On Thursday, September 29, I attended the concert "Reflecting the Middle East" at the Forbes Theatre for Performing Arts. The performance was part of the international week here at James Madison University and it gave me my first taste of Arabic and Muslim traditional music. The main performer of the night was Simon Shaheen, a Palestinian born in the village of Tarshiha, who has mastered the techniques and unparalleled sounds of both the oud and the violin. I had never even heard of this Arabic instrument called the oud before I heard its varying tunes tonight. The oud is an instrument that looks similar to a guitar but is shorter and has 11 strings. Simon Shaheen graduated from the Academy of Music in Jerusalem and has been honored with the National Heritage Award at the White House.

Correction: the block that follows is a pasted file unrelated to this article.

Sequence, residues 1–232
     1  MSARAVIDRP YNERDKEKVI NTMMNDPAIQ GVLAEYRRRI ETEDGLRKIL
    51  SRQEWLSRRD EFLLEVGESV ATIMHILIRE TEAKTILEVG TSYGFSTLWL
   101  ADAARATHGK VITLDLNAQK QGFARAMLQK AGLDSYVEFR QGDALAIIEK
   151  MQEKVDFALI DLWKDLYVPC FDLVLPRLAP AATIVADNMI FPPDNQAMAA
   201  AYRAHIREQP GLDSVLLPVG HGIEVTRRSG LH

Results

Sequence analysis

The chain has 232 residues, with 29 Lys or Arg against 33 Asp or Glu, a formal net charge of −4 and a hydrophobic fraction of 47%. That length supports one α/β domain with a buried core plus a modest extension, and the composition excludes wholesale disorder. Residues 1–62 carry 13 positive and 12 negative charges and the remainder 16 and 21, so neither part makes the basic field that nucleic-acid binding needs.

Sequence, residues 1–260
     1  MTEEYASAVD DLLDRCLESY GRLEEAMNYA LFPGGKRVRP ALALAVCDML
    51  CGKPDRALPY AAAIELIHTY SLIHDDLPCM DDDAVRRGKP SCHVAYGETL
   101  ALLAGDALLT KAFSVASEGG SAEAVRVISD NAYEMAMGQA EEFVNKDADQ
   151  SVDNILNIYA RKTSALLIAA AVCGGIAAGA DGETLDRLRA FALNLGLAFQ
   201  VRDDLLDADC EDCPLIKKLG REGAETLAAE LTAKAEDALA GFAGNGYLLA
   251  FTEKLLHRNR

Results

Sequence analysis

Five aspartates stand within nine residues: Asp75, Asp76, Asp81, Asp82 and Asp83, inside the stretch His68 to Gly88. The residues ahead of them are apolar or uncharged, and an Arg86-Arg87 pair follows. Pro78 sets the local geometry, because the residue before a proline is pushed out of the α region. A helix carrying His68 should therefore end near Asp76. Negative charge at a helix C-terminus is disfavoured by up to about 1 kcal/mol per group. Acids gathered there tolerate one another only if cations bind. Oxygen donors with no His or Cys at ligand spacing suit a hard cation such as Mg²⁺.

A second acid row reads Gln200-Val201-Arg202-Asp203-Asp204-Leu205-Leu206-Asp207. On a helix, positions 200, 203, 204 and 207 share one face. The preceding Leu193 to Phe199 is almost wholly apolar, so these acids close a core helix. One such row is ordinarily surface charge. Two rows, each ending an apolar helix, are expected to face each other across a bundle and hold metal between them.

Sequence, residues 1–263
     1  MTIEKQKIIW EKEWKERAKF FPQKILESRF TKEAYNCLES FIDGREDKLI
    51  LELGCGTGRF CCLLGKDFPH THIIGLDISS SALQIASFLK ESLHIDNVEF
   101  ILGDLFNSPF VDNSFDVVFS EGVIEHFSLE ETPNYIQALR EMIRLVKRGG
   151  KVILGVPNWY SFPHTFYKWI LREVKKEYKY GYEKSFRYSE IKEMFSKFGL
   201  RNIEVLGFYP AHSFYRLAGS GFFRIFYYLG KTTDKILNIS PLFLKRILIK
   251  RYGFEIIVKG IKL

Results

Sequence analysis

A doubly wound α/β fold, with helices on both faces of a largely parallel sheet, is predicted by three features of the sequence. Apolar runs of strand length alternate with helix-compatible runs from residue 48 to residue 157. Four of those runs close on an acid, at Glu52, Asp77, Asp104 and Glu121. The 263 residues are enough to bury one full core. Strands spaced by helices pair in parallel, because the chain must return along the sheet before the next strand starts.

One specific part of the concert that I really enjoyed and found to be especially effective was the collaboration of Simon Shaheen and the other members of the band. The other band members played instruments like the piano, the double bass, the flute, the saxophone, the trumpet, and the bongos while Simon switched between the oud and the violin. Mr. Shaheen played one solo piece and then the band entered the scene and they played 2 separate pieces together. The first piece had a very fast tempo and gradually got louder. In musical terms, you could describe the act as Allegro and Crescendo, which are Italian for fast and gradually getting louder. He also explained, the tempo was counted ten beats every measure that is why it was so fast.